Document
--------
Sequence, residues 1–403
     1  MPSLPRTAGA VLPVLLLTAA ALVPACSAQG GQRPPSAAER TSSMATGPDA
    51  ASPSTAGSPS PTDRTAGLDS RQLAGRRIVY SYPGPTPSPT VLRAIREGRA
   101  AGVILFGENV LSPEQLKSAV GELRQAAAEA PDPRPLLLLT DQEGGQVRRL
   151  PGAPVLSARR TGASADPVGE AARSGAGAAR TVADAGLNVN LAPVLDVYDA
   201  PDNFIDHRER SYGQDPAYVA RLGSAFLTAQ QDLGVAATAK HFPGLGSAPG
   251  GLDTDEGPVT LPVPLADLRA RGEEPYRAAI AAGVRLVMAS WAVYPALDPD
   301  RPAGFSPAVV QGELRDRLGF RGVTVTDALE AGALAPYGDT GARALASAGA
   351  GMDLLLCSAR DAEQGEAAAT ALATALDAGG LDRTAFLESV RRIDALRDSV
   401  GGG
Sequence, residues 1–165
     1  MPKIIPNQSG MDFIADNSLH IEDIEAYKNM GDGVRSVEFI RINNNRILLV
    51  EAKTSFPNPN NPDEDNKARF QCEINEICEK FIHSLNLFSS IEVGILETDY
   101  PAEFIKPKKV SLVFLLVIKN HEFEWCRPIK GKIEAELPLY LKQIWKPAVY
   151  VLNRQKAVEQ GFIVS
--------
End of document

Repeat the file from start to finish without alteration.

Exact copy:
Sequence, residues 1–403
     1  MPSLPRTAGA VLPVLLLTAA ALVPACSAQG GQRPPSAAER TSSMATGPDA
    51  ASPSTAGSPS PTDRTAGLDS RQLAGRRIVY SYPGPTPSPT VLRAIREGRA
   101  AGVILFGENV LSPEQLKSAV GELRQAAAEA PDPRPLLLLT DQEGGQVRRL
   151  PGAPVLSARR TGASADPVGE AARSGAGAAR TVADAGLNVN LAPVLDVYDA
   201  PDNFIDHRER SYGQDPAYVA RLGSAFLTAQ QDLGVAATAK HFPGLGSAPG
   251  GLDTDEGPVT LPVPLADLRA RGEEPYRAAI AAGVRLVMAS WAVYPALDPD
   301  RPAGFSPAVV QGELRDRLGF RGVTVTDALE AGALAPYGDT GARALASAGA
   351  GMDLLLCSAR DAEQGEAAAT ALATALDAGG LDRTAFLESV RRIDALRDSV
   401  GGG
Sequence, residues 1–165
     1  MPKIIPNQSG MDFIADNSLH IEDIEAYKNM GDGVRSVEFI RINNNRILLV
    51  EAKTSFPNPN NPDEDNKARF QCEINEICEK FIHSLNLFSS IEVGILETDY
   101  PAEFIKPKKV SLVFLLVIKN HEFEWCRPIK GKIEAELPLY LKQIWKPAVY
   151  VLNRQKAVEQ GFIVS